The Christian Proclamation as Gospel

SABOU, Sorin. “The Christian Proclamation as Gospel, The Polemics, Politics and Praxis of euangelion in the Graeco-Roman World of the First Century.” Jurnal teologic 11.1 (2012): 72-81.

Abstract: The lexical choice made by the first Christians to present the Christian message as euangelion is a stark one. This is so because euangelion is used in Ancient Greek literature almost always as a technical term for the news of victory, a term used by those in power. This choice made by the first Christians leads to polemics with those in power. The politics and praxis of victory are affected too in this incursion of early Christianity in the area of power language. Thus, euangelion is captured and restructured as being the 'euangelion of the kingdom' and 'of Christ.' This leads to a different understanding of the way a citizen should live in the world.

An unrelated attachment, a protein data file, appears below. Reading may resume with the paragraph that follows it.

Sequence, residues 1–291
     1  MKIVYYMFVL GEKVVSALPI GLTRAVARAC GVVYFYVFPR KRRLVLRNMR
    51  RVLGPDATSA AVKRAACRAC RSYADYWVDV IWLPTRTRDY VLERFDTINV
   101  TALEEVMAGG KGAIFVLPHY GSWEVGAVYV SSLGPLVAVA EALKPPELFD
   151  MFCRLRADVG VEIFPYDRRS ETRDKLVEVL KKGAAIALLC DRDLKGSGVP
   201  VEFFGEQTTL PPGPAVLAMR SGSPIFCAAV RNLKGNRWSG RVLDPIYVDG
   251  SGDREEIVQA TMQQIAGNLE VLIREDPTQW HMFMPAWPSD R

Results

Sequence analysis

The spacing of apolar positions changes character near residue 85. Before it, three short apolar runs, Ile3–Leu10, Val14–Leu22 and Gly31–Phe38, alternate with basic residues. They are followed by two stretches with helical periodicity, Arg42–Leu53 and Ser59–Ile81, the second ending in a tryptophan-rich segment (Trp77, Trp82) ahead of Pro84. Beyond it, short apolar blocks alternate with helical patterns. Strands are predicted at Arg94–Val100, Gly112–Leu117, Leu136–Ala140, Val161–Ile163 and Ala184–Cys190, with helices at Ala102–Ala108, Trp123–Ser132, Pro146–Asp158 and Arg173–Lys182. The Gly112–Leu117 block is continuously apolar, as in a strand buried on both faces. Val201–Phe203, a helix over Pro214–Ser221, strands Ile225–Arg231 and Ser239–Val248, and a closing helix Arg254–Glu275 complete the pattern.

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Leibniz on God

The main outlook on God, by Leibniz, in his Discourse on Metaphysics, is given towards the end of his argument when he says that ‘we must think of God not only as the root cause of all substances and of all beings, but also as the leader of all persons or thinking substances, or as the absolute monarch of the most perfect city or republic - which is what the universe composed of the assembled totality of mind is’ (Leibniz 1686, 35). To this I have to add what he says at the beginning of his argument that ‘God is absolutely perfect being’ (Leibniz 1686, 1). The perfection of God applies to his power, knowledge, wisdom, and actions; they are of highest degree, he has them in ‘unlimited form’ (Leibniz 1686, 1). These three metaphors of ‘root cause’, ‘leader,’ and ‘absolute monarch’ give me the structure of the answer to the question ‘What is God?’ and the related terms of ‘all substances,’ ‘thinking substances,’ and ‘the most perfect city’ give me the elements of the answer to the second question of this assignment 'What philosophical problems is Leibniz working through his contemplation of God?'

What is God?

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